34. Prior to Dean Wiley's hire, plaintiff began her employment at Northwestern in a full-time administrative capacity although she also held a faculty rank. Because the funding for her initial positions at Northwestern came entirely from outside of the School's faculty budget, plaintiff received a series of one-year contracts instead of the typical three-year faculty appointment of assistant professor. After plaintiff expressed interest in becoming a full-time faculty member and being considered for tenure in the School, Dean Wiley, without taking a vote of the Senior School Faculty but believing he had their agreement, granted plaintiff's request by placing her on tenure track in April 1981 so that she could be considered for tenure. At that time, Dean Wiley also place Lee Blum on tenure track.

 35. Beginning in 1980 orally, and in 1981 in writing, plaintiff requested relief from her administrative responsibilities so that she could devote full-time to scholarship. Dean Wiley for a period of time declined those requests on the ground that plaintiff's faculty appointment was contingent on her administrative appointment. Upon Dean Wiley's approval, plaintiff resigned from her position as director of the Dean's Network effective June 30, 1981. Plaintiff also expressed interest in resigning from her Assistant Dean of Research position during that time. Dean Wiley could not grant plaintiff's request at that time because plaintiff's faculty appointment was predicated upon her administrative responsibilities in that there were not sufficient resources in the faculty budget at that time to shift her position to a regular faculty appointment.

 36. In 1983, Dean Wiley granted plaintiff's request to resign from her Associate Dean of Research position because faculty members had enough experience in the grant application process by that time to assume plaintiff's responsibilities on their own. Plaintiff's 1983 reappointment ad hoc committee recommended that "efforts should be made to insure that her nonresearch duties are minimal." Dean Wiley did not relieve plaintiff of her administrative duties solely because of that advice, although it was a contributing factor.

 37. Administrative duties in the School were not gender-related and did not of themselves preclude a faculty member from ultimately obtaining tenure. Fay Cook, a female faculty member who had administrative duties prior to her tenure review, obtained tenure; male faculty members such as Malcolm Bush, Martin Gill, Michael Rapp, and David Florio who had administrative duties did not obtain tenure; and Michael Piechowski, a male faculty member who did not have administrative duties did not obtain tenure. During David Wiley's deanship, no male assistant professors ever held administrative titles while on tenure track.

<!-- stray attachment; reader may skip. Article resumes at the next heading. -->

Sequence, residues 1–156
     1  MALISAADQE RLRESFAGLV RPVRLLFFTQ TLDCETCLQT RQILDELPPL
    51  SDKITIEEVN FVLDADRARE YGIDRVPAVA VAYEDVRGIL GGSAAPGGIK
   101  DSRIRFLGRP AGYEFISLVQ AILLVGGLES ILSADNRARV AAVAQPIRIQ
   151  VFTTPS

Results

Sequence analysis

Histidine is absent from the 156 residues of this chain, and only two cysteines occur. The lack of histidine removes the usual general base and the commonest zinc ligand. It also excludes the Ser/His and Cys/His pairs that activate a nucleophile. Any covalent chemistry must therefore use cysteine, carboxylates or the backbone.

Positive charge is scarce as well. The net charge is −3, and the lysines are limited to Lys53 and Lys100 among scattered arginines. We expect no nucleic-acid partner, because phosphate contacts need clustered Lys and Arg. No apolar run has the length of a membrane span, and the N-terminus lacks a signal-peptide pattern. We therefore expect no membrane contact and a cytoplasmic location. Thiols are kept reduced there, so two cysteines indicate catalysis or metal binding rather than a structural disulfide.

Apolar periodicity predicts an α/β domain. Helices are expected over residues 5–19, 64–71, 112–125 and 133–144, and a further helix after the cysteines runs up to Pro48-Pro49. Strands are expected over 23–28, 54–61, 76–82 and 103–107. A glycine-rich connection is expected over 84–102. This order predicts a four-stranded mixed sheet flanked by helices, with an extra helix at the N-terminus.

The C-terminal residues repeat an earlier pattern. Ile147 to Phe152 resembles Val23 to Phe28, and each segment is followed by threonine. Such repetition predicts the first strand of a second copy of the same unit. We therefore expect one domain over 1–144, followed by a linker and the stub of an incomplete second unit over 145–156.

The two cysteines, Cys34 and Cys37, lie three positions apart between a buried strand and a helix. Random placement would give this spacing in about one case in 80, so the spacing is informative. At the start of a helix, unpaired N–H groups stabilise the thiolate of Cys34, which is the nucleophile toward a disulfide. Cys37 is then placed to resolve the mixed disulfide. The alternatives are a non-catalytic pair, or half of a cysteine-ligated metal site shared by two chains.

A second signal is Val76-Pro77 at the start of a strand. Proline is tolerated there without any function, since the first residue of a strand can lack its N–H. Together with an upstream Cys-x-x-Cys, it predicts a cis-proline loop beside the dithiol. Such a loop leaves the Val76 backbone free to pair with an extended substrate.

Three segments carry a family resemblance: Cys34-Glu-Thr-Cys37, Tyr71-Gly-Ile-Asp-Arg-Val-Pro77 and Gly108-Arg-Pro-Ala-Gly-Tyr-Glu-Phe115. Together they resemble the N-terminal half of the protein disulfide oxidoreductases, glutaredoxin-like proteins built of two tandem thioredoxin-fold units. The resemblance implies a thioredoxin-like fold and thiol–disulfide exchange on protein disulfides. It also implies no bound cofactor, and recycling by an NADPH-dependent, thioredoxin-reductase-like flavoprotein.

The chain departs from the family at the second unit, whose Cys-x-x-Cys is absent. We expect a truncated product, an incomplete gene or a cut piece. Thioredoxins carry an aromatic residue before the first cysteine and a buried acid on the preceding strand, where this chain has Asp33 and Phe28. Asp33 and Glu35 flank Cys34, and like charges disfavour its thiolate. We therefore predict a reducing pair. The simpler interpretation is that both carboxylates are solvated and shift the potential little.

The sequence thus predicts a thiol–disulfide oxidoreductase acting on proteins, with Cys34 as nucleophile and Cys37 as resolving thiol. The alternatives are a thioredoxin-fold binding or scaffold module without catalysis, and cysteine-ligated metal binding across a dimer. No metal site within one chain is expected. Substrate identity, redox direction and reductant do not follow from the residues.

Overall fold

38. When David Wiley became dean, he appointed Margaret Lee, at that time the only tenured female full professor on the faculty, to fill the newly-created position of Associate Dean for Student Affairs. That position focused on undergraduate students in the School of Education. Dean Wiley also appointed Richard Lesh, a tenured male faculty member, to an administrative position.

 39. Prior to Dean Wiley's hire, Lee Blum began her Northwestern employment in an administrative capacity as head of the School's Master's Training Program in Counseling Psychology and also held a faculty rank. In April 1981, Dean Wiley placed Lee Blum on tenure track. At Ms. Blum's request, Dean Wiley appointed a special ad hoc committee regarding her chances of obtaining tenure. This committee, chaired by Elizabeth Sulzby, issued a report informing Ms. Blum that her chances of obtaining tenure were slim. After reviewing the report, Ms. Blum withdrew her candidacy for tenure and made arrangements with Dean Wiley for an administrative appointment, co-terminus with a courtesy appointment as assistant professor in the School. In order to obtain these appointments, Ms. Blum was asked by Dean Wiley to forfeit any right to tenure she might have; in his thirteen years as dean, David Wiley never asked a male faculty member to forfeit any tenure rights. Ms. Blum still holds these appointments, with the exception that she has been promoted from assistant to associate professor.

 40. There was some disagreement between practice in the School of Education and the policy of Northwestern, as expressed by the provost, as to when an individual was on tenure track. In the School of Education, the practice was that an individual could be appointed instructor or assistant professor under some circumstances and yet not be on tenure track. As far as the provost was concerned, being appointed to a tenure-accumulating position (i.e., instructor, assistant professor, associate professor, or professor) was synonymous with being on tenure-track--in fact, was how one got on tenure track--and an individual who was not in a tenure-accumulating position (i.e., who was not on tenure track) should not be called instructor or assistant professor while a full-time administrator. Dean Wiley did not understand tenure accumulation until some time in the process of determining plaintiff's status for purposes of tenure when she was placed on tenure track. The result of the combination of the School of Education's practice and Northwestern's policy as expressed by the provost has been for the School of Education to partially divorce tenure-accumulation from tenure track, making it possible in some cases for time to count toward tenure (i.e., for the position to be tenure-accumulating) at a time when it is understood that there is no commitment by the School of Education that it will consider the individual for tenure and that the individual has no right to be reviewed for tenure (i.e., at a time the individual is not on tenure track).